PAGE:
Women in the United States, particularly immigrant women, are very susceptible to sexual, physical or mental violence. The VAWA Act has been enforced to protect female and male immigrants from marital abuse. The VAWA immigration application can fast-track their green card process, when they are exposed to violence and crimes, as a result of their immigration status. Here we will discuss the VAWA immigration act in detail.
What is the VAWA Act?
VAWA or Violence Against Women Act is an important law in the United States, designed to help immigrant women and men seek protection from violence and crimes perpetrated on them by their US citizen relatives.
The VAWA immigration act is actually an application that can lead to Permanent Residency or Green Card. Immigrant victims of abuse can circumvent the otherwise drawn-out Green Card process and apply to become lawful permanent residents or Naturalized citizens in the US through the VAWA act.
The crimes VAWA covers are:
- Marital abuse
- Sexual assault
- Domestic violence
- Dating violence
- Verbal abuse
- Emotional degradation
- Financial abuse
- Threats against self or children
- Other forms of exploitation
What are the VAWA requirements you must meet to apply for VAWA protection?
In order to apply for the VAWA immigration status, applicants must fulfil certain VAWA requirements first. These include:
- You are in a qualifying relationship with a person who is a lawful United States citizen or permanent resident. And they have exhibited violence or cruelty towards you. By “qualifying relationship”, we mean:
Spouse of the lawful US Citizen. Your marriage should have taken place in good faith and must be currently valid at the time of submitting the VAWA immigration petition. Or, the marriage must have been terminated less than two years prior to applying for VAWA. You will be eligible if:
- You married a lawful US citizen under the wrongful belief that they were unmarried; only to find out they were already married.
- You are the widow of a lawful US citizen (not a PR holder), who abused you and who passed away less than two years ago.
- You are the spouse of an individual who lost their immigration status due to domestic violence charges less than two years ago.
- Parent of an unmarried and under 21 years age child and you are a victim of violence at the hands of a lawful US Citizen.
- Child, who is unmarried and under 21 years old, of the lawful US Citizen. You will be eligible if:
- The abuser is/was a step-parent who married your parent when you were under 17 years old.
- The abuser is/was an adoptive parent who adopted you when you were younger than 16 years old.
- The abusive parent lost their immigration status due to domestic violence sometime in the past two years.
- You have been abandoned by one or both parents or a victim of parental neglect.
- Over 21 years old child of an abuser who was a lawful US citizen. You will be eligible only if:
- You are over 21 but under 25 and unmarried.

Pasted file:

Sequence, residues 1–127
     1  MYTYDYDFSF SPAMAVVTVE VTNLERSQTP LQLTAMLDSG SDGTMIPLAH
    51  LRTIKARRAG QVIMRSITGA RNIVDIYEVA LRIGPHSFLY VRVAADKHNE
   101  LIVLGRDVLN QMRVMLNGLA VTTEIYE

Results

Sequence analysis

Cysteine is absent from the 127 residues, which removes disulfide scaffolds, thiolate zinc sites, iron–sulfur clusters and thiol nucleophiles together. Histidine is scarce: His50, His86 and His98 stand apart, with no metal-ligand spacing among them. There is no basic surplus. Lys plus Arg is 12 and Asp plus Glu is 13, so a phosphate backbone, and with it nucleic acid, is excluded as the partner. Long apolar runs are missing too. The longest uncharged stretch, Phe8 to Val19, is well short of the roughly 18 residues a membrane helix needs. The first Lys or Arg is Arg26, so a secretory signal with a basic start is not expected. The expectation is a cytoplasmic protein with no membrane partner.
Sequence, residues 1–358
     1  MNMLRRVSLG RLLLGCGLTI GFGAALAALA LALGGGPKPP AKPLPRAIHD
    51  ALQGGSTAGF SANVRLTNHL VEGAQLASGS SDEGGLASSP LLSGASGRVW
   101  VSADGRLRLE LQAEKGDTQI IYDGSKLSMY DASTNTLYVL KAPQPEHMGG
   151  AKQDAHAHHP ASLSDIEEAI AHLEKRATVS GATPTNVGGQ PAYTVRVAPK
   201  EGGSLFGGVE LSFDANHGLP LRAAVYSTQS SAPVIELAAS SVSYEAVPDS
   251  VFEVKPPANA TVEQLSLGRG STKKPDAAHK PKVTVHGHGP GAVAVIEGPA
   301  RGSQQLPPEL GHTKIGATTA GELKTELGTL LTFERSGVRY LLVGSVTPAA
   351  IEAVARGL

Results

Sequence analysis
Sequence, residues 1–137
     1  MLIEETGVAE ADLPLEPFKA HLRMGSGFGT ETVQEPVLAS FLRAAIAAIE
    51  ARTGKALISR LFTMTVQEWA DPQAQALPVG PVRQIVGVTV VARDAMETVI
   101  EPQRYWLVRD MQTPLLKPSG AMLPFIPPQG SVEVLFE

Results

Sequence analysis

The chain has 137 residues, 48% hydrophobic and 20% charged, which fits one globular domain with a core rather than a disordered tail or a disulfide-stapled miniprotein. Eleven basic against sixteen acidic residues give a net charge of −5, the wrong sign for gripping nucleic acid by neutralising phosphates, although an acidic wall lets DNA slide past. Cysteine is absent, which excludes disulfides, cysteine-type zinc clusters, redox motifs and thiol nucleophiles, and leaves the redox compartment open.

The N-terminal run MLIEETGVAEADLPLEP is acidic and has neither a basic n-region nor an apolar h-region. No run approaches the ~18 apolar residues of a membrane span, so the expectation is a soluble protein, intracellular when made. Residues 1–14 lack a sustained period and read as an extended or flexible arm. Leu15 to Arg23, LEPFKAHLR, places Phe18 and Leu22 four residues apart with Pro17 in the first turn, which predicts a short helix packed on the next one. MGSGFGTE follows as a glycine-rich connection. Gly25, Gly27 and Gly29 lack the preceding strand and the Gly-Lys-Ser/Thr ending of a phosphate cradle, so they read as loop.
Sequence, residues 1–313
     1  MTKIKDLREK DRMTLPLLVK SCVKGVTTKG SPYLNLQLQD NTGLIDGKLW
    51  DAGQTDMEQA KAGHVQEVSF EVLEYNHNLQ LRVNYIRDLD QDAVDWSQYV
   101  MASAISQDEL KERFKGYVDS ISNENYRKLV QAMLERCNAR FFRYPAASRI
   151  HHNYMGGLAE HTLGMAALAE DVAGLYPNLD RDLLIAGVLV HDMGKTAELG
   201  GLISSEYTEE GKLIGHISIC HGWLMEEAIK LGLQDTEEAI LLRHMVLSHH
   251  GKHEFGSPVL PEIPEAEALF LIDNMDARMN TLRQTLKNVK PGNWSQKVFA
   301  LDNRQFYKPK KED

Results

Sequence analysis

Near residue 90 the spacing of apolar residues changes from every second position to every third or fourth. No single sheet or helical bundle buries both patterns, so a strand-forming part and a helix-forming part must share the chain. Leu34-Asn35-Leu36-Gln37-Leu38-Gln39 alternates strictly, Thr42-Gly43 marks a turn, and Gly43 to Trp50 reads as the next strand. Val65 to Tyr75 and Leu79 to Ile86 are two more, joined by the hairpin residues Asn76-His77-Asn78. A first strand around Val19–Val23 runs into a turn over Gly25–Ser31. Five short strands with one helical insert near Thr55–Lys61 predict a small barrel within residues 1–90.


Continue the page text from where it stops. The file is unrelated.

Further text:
- You can prove that your abuser was the primary and central reason you did not file for VAWA before you turned 21.
- You can prove that your circumstances when you were 21 or younger, would have made you eligible for VAWA immigration protection.
Parent of the lawful US citizen and who has been subjected to extreme cruelty or been physically battered by their child. You will be eligible if:
- Your abusive child is a US citizen (and not a PR holder).
- Your abusive child died sometime in the previous two years.
- Your abusive child lost their US citizenship status due to abuse.
- Your abuse took place on American soil.
- You were living with your abuser during the time of the abuse.
- You are of good moral character.
How to apply for VAWA?
Once you fulfil all the VAWA requirements pertaining to your qualifying status, you can officially apply for the VAWA act by following these steps:
- As a self-petitioner, fill in and submit USCIS Form I-360. This is an application for the Petition for Amerasian, Widow(er), or applicant who has been an abused relative of a US citizen.
- Submit supporting documents of your relationship, the abuser’s citizenship status and the evidence of your bona fide relationship and abuse. These documents include:
- Marriage certificate
- Birth certificate (of the victim/s)
- Certificate of Citizenship of the abuser
- LPR status of the abuser
- Affidavits by relatives, friends and neighbors who have witnessed your abuse at the hands of the abuser.
- Medical reports from practicing US doctors to prove physical injury or psychiatric trauma due to the abuse.
- Police report (if available, although not required).
- Submit your visa petition to the USCIS and receive the I-797 Notice of Action “Receipt Notice.” This contains the Priority Date, which is the date on which the USCIS is expected to review your VAWA immigration application. At this point, it will offer you a deportation deferment option, which will allow you to reside in the US and apply for a work permit. This deferred action will need to be renewed until the time you are granted your green card.
- Fill in and submit Form I-485, which is the Application for Adjustment of Status to apply for permanent residency or green card. You can also apply for Form I-765, which is the Employment Authorization Document (EAD) and apply for a job in the US. You can also apply for Form I-131, which is the Application for Travel Document, to travel in and out of the US at this time.
- Pay the fees for the VAWA immigration process. It is usually $1225 for the entire VAWA green card and biometrics process combined.
- Attend the personal interview at the USCIS office when it is scheduled. You can bring any new evidence you find of the abuse along with the other documents you are asked to submit.
If you need assistance in understanding VAWA requirements or you require help in applying for your VAWA immigration green card, please contact us at Yemi Getachew Immigration Law Office.